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ry skirmishing to-day, with occasional discharges of artillery. Grant shows no signs of falling back.--Scouts report him to be receiving no reinforcements, though prisoners say he is expecting Schenck with troops from Baltimore and other points. It is believed that Grant had Heintzalman with troops from the fortifications at Washington, in the fight of Thursday. Johnson's division, in the fight of Thursday, lost about 2,000 prisoners and 16 pieces of artillery, principally from Page's and Cutashaw's battalions. Grafft's dead in our front are still unburied. The enemy have been busy all day shifting troops from point to point and manoeuvring generally. Brig. Gen Daniels, wounded in the fight of Thursday, died to day. Gen. Ramseur was wounded very slightly. About 1,500 prisoners were captured dur- these fights. Grant's losses, since the campaign began, put at the lowest figures, is 50,000. Our losses in killed and missing, all told, since th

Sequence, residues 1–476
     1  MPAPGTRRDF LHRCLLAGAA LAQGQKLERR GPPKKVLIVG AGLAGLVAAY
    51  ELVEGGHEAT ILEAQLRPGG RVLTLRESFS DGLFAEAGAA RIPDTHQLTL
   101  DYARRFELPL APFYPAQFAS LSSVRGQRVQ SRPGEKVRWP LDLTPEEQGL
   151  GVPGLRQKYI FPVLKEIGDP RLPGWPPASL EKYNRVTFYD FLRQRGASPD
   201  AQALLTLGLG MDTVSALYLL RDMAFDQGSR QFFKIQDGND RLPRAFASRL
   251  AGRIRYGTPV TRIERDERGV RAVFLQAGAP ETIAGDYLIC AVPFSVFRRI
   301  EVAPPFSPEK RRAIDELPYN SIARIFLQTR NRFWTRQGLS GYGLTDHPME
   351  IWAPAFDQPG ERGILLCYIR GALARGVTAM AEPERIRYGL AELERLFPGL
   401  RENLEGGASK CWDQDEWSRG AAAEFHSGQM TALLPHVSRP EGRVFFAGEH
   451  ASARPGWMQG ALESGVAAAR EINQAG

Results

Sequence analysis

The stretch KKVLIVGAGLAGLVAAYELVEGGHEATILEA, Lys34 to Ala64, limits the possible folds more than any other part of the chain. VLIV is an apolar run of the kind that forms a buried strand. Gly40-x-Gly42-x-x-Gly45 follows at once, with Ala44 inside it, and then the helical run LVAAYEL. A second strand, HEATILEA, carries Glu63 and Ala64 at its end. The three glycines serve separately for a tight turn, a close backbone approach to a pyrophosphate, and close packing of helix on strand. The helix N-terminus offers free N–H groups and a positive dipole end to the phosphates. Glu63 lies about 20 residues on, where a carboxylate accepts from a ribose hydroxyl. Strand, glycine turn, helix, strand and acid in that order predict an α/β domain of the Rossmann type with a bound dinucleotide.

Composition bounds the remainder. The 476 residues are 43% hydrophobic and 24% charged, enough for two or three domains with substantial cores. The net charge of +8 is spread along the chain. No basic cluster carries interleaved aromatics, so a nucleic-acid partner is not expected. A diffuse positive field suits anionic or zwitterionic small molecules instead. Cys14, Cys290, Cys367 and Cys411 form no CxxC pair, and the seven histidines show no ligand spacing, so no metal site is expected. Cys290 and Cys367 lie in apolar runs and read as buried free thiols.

nemy's sharpshooters, who were pouring minnie balls thick and last around. So soon as Gen J was dismounted he ran hastily to one of the guns of Cutshaw's artillery, in order to fire it upon the enemy; before, however, he had succeeded the enemy had closed thickly around him and he was a prisoner in their hands, as was also Brig Gen G H Stuart of the Maryland line, with some twenty five hundred officers and men from this division, and some twenty pieces of artillery; twelve of which were from Page's and the rest from Cutshaw's battalions. This temporary success greatly elated the Yankees, and they pressed on with increasing numbers and a zeal intensified by their temporary success. Gordon, with Early's division, however, quickly come to the assistance of the remnant of Johnson's division, now under command of Col Williams, of La, and fought the enemy for some time, but were gradually pressed back to our second line of works, when Rodes came to the assistance of Johnson and Karl